Spotlight: Vaslav Nijinsky
Today's Spotlight Saturday focuses on one of the greatest male dancers of the twentieth century: Russian dancer and choreographer Vaslav Nijinsky.
In costume for 'Le Spectre de la Rose'
Nijinsky was born in either 1889 or 1890 (the sources disagree), in Kiev, Ukraine, then part of the Russian Empire. He was christened Waclaw Nizynski in Warsaw. His parents were Polish, and were dancers with the travelling Setov opera company. Nijinsky's mother Eleonora was a soloist, and his father Thomas as premier danseur (principal artist). He had two siblings, elder brother Stanislav, and younger sister Bronislava ('Bronia'), who would become a renowned dancer and choreographer in her own right.
Statue of Nijinsky and his sister Bronislava Nijinska, by Giennadij Jerszow
In 1897, Nijinsky's parents split, and his mother Eleonora took the children to live in St. Petersburg. Nijinsky was accepted into the Imperial Ballet School in 1900, thanks to the recommendation of famed teacher Enrico Cecchetti. Bronia was admitted two years after her brother, and the two became extremely close.
Nijinsky studied dance under the brothers Nicholas and Sergei Legat, and mime under Pavel Gerdt. All three were famous principals with the Imperial Ballet. Nijinsky excelled in dance classes, but was not so good in the academic classes. In 1902, he was told that only his outstanding dancing ability was allowing him to remain at the school. His poor grades were worsened by constant rehearsals and performances in ballets for which he was chosen as an extra; a supporting role in Faust, a mouse in The Nutcracker, and a page in both The Sleeping Beauty and Swan Lake.
Nijinsky in 1907
Nijinsky was teased for his Polish descent and envied by some of his classmates for his dancing ability. In 1901, one of them deliberately caused him to fall, resulting in a concussion and a four-day coma. But he recovered quickly, and his abilities were not damaged; in 1902, his new teacher Mikhail Oboukhov awarded him the highest grade he had ever given a student. He danced roles in the ballets Paquita, The Nutcracker, and The Little Horse, all in front of the Tsar.
In 1904, he was chosen by Marius Petipa for a principal role in the choreographer's last ballet, La Romance d'un Bouton de rose et d'un Papillon. The ballet never premiered, interrupted by the outbreak of the Russo-Japanese War. On 9 January, 1905, Nijinsky was caught up in the Bloody Sunday massacre in St. Petersburg. When a group of people attempted to submit a petition to the Tsar under the direction of Father Grapon, the Cossack soldiers fire upon and charged the crowd, resulting in an estimated one thousand deaths. Nijinsky was hit on the head by a Cossack, and one of his friends lost a sister, who was never found.
In costume for 'Le Pavillon d'Armide'
The 1905 student show included a pas de deux from The Persian Market, in which Nijinsky partnered Sofia Fedorova. His teacher adapted the piece to showcase his talent, drawing spontaneous applause from the crowd mid-way through Nijinsky's first jump. He then danced in the opera Don Giovanni in 1906, in a ballet sequence choreographed by Michel Fokine. He was offered a place with the company, but chose to complete his studies. At his graduation performance in 1907, for which he partnered Elizaveta Gerdt in a pas de deux choreographed by Fokine, he was congratulated by prima ballerina Mathilde Kschessinskaya and invited to partner her.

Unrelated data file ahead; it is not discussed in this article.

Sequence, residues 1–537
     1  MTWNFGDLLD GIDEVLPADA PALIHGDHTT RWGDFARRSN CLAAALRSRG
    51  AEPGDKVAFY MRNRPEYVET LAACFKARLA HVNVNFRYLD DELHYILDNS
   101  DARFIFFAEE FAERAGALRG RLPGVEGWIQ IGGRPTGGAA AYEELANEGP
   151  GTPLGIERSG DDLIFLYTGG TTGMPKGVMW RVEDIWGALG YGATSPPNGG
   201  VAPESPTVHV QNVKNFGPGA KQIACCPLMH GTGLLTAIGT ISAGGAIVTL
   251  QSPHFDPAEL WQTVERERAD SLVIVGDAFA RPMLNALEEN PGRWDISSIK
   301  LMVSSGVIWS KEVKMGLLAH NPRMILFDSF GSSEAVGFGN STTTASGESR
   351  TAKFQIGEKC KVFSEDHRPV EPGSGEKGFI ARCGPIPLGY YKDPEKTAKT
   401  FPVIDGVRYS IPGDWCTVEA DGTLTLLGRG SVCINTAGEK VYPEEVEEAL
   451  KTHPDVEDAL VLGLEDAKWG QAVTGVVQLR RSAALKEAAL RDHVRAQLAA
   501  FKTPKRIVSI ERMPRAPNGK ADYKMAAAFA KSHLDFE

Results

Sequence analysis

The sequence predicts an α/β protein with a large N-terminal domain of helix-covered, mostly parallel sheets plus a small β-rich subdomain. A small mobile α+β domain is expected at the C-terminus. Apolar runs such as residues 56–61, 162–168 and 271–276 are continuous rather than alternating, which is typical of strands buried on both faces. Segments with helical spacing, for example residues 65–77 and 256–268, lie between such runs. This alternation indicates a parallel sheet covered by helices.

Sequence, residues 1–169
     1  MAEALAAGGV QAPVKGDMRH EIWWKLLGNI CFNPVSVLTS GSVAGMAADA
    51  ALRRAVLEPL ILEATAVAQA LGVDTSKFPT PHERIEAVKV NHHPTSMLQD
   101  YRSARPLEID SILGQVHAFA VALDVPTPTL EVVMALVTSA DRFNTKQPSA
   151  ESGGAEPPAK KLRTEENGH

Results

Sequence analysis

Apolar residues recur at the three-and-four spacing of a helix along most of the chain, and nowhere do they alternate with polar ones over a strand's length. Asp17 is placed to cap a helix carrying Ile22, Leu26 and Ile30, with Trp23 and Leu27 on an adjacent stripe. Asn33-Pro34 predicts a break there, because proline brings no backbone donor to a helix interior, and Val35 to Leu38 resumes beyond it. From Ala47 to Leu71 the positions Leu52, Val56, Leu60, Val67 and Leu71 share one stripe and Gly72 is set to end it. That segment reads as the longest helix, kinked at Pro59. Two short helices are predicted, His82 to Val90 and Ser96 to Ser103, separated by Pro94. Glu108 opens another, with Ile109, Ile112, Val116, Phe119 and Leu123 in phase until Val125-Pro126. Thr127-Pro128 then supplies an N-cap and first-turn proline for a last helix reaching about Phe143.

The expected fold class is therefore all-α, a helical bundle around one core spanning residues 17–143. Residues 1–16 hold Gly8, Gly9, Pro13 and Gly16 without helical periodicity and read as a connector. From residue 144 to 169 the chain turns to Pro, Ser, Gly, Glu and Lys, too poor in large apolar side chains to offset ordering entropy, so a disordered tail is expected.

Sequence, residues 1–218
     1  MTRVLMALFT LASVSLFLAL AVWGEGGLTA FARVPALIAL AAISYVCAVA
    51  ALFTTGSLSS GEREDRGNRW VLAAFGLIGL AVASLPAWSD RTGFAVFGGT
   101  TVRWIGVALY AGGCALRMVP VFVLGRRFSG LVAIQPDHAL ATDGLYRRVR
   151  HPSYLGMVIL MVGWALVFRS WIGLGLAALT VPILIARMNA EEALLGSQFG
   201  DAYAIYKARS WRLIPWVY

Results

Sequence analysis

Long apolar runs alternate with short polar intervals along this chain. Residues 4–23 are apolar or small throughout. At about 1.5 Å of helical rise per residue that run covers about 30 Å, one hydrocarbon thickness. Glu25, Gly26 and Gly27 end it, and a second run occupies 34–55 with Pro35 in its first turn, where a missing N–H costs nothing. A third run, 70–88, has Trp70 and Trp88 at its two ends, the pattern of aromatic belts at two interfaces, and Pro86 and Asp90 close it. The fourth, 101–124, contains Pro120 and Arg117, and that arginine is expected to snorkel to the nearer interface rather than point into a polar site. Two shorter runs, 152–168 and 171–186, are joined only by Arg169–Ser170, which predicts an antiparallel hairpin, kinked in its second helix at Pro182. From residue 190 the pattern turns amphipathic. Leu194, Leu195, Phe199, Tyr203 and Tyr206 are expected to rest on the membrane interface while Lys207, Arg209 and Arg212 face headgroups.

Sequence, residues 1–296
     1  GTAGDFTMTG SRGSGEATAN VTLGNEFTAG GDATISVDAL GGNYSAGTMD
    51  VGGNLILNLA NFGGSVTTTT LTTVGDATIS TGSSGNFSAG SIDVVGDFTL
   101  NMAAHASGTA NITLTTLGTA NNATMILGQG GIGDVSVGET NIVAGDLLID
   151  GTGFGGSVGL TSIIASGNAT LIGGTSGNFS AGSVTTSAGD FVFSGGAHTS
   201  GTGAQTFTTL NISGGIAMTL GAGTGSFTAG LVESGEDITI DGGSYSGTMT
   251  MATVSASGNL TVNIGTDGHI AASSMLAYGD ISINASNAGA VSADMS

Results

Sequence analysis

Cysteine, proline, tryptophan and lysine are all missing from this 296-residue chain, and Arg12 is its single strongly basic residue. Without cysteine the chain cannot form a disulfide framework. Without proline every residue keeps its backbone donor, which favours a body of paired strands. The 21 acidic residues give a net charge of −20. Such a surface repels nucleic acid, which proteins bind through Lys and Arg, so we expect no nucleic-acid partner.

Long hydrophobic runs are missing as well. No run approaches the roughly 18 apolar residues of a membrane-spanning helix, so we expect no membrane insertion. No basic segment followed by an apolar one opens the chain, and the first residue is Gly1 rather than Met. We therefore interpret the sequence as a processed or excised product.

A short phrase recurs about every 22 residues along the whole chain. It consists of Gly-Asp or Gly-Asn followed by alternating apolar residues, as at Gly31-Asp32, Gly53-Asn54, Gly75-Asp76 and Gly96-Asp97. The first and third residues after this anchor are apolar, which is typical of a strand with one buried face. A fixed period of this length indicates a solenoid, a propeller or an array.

In costume for 'Le Festin', 1909
With his sister Bronia also employed by the company, Nijinsky began at the Imperial Ballet as a coryphee rather than a corps de ballet member. He partnered ballerina Sedova, Lydia Kyasht, and Karsavina, and partnered Kschessinskaya for the ballet La Fille Mal Gardee. He then had a minor role in le Pavillon d'Armide, but soon upstaged himself in the Bluebird Pas de Deux for The Sleeping Beauty, in which he partnered Lydia Kyasht. The audience gave spontaneous applause on his appearing to fly. In 1910, Kschessinskaya chose him for a principal role in her revival of Petipa's Le Talisman, and he caused a sensation as Vayou, god of the wind.
In costume as Vayou for 'Le Talisman', 1910
Nijinsky then met Sergei Diaghilev, just as the latter was about to launch his company under a new name - the Ballets Russes. Nijinsky joined the newly christened company as a lead dancer, and he and Diaghilev were briefly lovers. Diaghilev was to prove extremely influential in mapping Nijinsky's career. For his 1909 Paris tour, Diaghilev selected three ballets: Le Pavillon d'Armide, Les Sylphides (an expanded version of the already existing Chopiniana, also by Fokine), and a new ballet, Cleopatre, an expanded version of the already existing Une Nuit d'Egypte. A fourth ballet was needed to round out the programme, but there was insufficient time to choreograph one from scratch; instead, they grouped together a series of popular dances now called Le Festin. This would star Pavlova, Karsavina, and Nijinsky.
In costume for 'Scheherazade'
The season was extremely popular in Paris, setting trends in dance and art for at least the next decade. Nijinsky himself was a great success, stunning crowds with his unique talent. In the 1910 season, he danced in Giselle and the Fokine ballets Carnaval and Scheherazade. He was also extremely popular in the role of Petrushka, from the ballet of the same name. It was also during this season that he began his legendary partnership with ballerina Tamara Karsavina.
Members of the Ballets Russes, 1911 - Nijinsky fourth from left, with Tamara Karsavina on his left
During later seasons, Nijinsky began to try his hand at choreography. His ballets were difficult, modern, and extremely different. His first works were Afternoon of a Faun (1912), Jeux (1913), and Till Eulenspiegel (1916). When they premiered in Paris, his ballets nearly caused a riot outside the theatre. His most famous work, The Rite of Spring, was choreographed in 1913 to the modern music of Igor Stravinsky. His angular, radical movements, together with the ballet's theme - of a young maiden who sacrifices herself to the gods by dancing to death - caused actual violence in the audience when it premiered. Diaghilev, far from being warned off, was extremely pleased at the notoriety the ballet brought.
The original production of 'The Rite of Spring'